Police arrested a man who was found in possession of a state owned firearm with ammunition and cocaine. Another gun was found abandoned on the ground. | SUPPLIED
Police arrested a man who was found in possession of a state owned firearm with ammunition and cocaine. Another gun was found abandoned on the ground. | SUPPLIED

Police recover state firearm from man arrested in Wentworth operation

By Thobeka Ngema Time of article published Jan 18, 2021

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DURBAN - A POLICE firearm was recovered from a man who was arrested in Wentworth over the weekend.

Cocaine was also found on the man and another firearm was found abandoned on the ground on Hime Street on Saturday night.

Police spokesperson Thembeka Mbele said the operation was conducted by Provincial Headquarters Organised Crime detectives, Crime Intelligence and metro police.

“A suspect, 22, was arrested for the possession of an unlicensed firearm (9mm Z88) and ammunition (15 live rounds) belonging to the police, and one 38 special with three rounds of ammunition,” said Mbele.

She said police also found cocaine wrapped in 26 plastic bags with a street value of R13 000.

Mbele said the suspect will appear in court today.

Metro police spokesperson Senior Superintendent Parboo Sewpersad said police had received information that men belonging to the “Hime Street Gang” were in the Wentworth area with unlicensed firearms.

Sewpersad said the officers proceeded to Hime Street and saw the men sitting outside Hime Street flats. They managed to apprehend three men and one was found with the 9mm and live rounds.

He was also found with a black bag around his body which contained the cocaine.

Sewpersad said they then searched the area and also found a .38 special revolver abandoned on the ground with three live rounds.

“One will see more of these kinds of joint operations in the Wentworth area to eradicate the gang turf wars that have been plaguing the community,” said Sewpersad.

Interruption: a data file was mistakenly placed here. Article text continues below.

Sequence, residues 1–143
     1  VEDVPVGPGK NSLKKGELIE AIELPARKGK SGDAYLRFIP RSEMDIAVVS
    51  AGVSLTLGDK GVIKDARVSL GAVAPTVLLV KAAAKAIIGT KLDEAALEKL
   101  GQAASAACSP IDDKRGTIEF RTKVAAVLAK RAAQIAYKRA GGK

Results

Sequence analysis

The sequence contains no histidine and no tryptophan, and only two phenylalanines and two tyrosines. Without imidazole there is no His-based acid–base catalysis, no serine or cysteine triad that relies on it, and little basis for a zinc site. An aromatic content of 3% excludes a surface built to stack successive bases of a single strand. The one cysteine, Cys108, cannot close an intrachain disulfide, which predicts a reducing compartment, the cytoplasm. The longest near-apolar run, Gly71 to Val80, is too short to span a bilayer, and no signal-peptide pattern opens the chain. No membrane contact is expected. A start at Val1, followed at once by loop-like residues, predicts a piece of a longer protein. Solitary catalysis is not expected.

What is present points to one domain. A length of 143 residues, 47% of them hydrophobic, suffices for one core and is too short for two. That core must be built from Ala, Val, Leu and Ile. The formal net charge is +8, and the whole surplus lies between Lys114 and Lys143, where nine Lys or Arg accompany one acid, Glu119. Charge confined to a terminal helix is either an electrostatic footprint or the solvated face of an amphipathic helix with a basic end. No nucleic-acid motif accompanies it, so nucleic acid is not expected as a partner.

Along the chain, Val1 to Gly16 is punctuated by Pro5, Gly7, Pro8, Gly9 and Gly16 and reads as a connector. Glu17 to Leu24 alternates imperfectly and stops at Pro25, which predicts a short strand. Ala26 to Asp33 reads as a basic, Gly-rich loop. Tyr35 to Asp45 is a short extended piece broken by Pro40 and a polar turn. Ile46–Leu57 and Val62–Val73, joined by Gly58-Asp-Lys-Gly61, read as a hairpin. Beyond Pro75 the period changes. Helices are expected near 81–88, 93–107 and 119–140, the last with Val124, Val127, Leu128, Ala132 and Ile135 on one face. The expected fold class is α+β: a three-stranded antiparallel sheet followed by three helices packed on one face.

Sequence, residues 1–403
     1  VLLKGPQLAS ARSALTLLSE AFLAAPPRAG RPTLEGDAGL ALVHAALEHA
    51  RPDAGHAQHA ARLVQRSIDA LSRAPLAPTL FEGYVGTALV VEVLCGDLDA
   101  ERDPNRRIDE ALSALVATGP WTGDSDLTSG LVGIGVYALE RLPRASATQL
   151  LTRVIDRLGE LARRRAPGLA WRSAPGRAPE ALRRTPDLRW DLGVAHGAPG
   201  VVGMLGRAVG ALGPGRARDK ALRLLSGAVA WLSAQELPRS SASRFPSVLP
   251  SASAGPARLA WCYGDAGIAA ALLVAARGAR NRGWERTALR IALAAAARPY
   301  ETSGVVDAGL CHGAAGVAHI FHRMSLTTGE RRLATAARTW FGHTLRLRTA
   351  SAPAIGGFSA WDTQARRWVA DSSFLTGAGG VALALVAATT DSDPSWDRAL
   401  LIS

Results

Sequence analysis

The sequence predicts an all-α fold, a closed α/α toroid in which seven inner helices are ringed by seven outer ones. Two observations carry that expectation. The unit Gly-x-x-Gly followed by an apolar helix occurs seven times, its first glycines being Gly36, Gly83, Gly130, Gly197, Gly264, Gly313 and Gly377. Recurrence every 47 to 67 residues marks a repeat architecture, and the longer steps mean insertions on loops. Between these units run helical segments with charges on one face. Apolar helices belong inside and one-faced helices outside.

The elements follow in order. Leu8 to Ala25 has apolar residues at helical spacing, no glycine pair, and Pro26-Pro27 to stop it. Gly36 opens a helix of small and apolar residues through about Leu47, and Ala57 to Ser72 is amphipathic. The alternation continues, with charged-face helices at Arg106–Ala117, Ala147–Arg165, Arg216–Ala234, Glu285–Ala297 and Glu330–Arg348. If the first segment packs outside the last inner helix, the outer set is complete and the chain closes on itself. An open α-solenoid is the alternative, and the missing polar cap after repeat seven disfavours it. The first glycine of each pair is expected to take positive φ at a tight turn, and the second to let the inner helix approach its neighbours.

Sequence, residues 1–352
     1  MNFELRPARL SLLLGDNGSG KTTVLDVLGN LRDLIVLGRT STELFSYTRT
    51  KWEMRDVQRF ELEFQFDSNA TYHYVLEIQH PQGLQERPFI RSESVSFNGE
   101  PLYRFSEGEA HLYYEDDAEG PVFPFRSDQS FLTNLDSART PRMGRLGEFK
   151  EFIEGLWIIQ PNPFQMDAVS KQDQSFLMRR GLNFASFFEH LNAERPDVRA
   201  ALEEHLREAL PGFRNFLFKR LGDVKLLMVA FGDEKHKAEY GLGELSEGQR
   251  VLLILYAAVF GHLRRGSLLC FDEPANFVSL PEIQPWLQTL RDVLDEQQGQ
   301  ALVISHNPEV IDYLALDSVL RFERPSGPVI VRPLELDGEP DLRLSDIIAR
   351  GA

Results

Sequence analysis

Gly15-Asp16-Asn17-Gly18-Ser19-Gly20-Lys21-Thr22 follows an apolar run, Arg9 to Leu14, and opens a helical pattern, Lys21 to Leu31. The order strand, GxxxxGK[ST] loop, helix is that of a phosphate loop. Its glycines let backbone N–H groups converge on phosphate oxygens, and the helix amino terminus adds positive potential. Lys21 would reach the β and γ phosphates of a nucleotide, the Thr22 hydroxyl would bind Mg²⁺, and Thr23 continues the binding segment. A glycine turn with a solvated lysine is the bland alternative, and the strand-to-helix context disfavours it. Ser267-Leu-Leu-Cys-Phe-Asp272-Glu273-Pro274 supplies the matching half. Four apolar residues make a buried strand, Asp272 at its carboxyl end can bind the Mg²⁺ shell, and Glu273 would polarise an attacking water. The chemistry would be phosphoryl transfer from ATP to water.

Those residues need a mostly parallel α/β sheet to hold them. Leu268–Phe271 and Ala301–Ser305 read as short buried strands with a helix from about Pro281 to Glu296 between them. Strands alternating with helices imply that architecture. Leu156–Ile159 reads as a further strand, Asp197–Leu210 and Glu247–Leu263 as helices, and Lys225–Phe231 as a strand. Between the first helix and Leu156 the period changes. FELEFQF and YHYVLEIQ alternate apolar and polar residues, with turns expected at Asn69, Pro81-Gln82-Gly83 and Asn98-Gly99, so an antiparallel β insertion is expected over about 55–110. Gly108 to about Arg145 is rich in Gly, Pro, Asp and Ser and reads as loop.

“The community is urged to work closely with factual information through the community police forum (CPF) structures.”

KZN violence monitor Mary de Haas said there were many possibilities on how a police firearm ended up in the hands of the suspect.

The firearm could have been stolen when the police officer was attacked, injured or killed, or it could have been stolen from his home.

There are even cases of children going to school with their father’s firearm.

“There are so many ways of police losing firearms. It has happened that police officers are killed and their firearms are taken.

“But sometimes they are stolen from a police officer’s home if it is not properly secured. Sometimes it’s stolen from the police station because you get guns going missing from stations,” said De Haas.

She said it also depended who the firearm belonged to.

De Haas added that there had been discussions on whether police should take firearms home because it might make them more vulnerable.

“The important thing is that the owner of the firearm is traced, whether he or she is alive or dead, and that the guy who had the firearm reveals where he got it from, but he probably won’t tell, and how it came to his possession,” said De Haas.

Wentworth CPF chairperson Pastor Donovan Anderson said since the task team went into Wentworth, it has been very quiet.

The task team has done a fantastic job so far.

Anderson said they were happy that there were a lot of arrests in 2020 and those arrested were denied bail.

“It’s actually helping us because we had a very quiet Christmas and New Year, although Covid is the main priority right now, but when it comes to crime, it’s being eliminated a lot. We are trusting that more of these guys are going to go in,” said Anderson.

“So it’s looking good for our area, it’s looking good for our station.”

Anderson said unfortunately the Wentworth police station had been hit badly by Covid-19 – they have already lost about four police officers to the virus.

Daily News

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